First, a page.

Fig. 1 shows an environmental, perspective view of a flotation device 100 according to the invention, which is shown being worn by a wearer 120. The flotation device 100 is adapted to enable a wearer 120 to float in a body of water 130 with minimum effort. Broadly, the flotation device 100 comprises a central section 140, a front flotation pack 160, a rear flotation pack 180, and an adjustable connection means 170.
The central section 140 has a narrow section 165 defining a first 200 and second 220 opposite ends. The front flotation pack 160 has a first 240 and second 260 opposite ends and a lower 280 and an upper 300 side. The rear flotation pack 180 has a third 320 and fourth 340 opposite sides and a lower 360 and an upper 380 sides. The lower side 280 of the front pack 160 is attached to the first opposite end 200 of the central section 140, and the lower side 360 of the rear pack 180 is attached to the second opposite end 220 of the central section 140.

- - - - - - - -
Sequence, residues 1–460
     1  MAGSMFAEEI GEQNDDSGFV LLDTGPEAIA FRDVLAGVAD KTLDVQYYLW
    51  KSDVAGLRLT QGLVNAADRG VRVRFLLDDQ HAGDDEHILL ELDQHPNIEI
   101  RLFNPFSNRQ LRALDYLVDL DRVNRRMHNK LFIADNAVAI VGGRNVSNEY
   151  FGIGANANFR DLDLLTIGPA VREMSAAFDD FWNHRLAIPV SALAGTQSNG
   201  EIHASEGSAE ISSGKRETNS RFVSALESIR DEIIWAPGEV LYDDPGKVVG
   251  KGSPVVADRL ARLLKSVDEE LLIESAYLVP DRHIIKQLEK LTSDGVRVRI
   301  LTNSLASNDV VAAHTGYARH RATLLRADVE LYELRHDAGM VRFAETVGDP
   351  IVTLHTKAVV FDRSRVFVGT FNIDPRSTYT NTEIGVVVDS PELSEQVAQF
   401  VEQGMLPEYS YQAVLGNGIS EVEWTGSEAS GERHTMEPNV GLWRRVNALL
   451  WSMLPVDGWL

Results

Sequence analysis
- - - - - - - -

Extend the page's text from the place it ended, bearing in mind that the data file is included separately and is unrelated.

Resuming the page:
The flotation packs 160 and 180 are made of any suitable floating material such as urethane closed cell foam that meets U.S. Coast Guard requirements (UL 1191). A suitable source of urethane closed cell foam is AIREX™ that is available from Bob's Foam Factory, Inc. and meets UL 1191 (see URL, e.g., http://www.bobsfoam.com/airex.html). A thin layer of protective material, such as two millimeters of “nylon-2 neoprene fabric” (i.e., 2 mm thick neoprene with two sides of nylon covering) preferably covers the constituent parts of the flotation device 100, i.e. the flotation packs 160 and/or 180, and/or the central section 140. The terms “nylon-2 neoprene fabric” and “nylon #2 neoprene” are herein regarded as equivalent terms.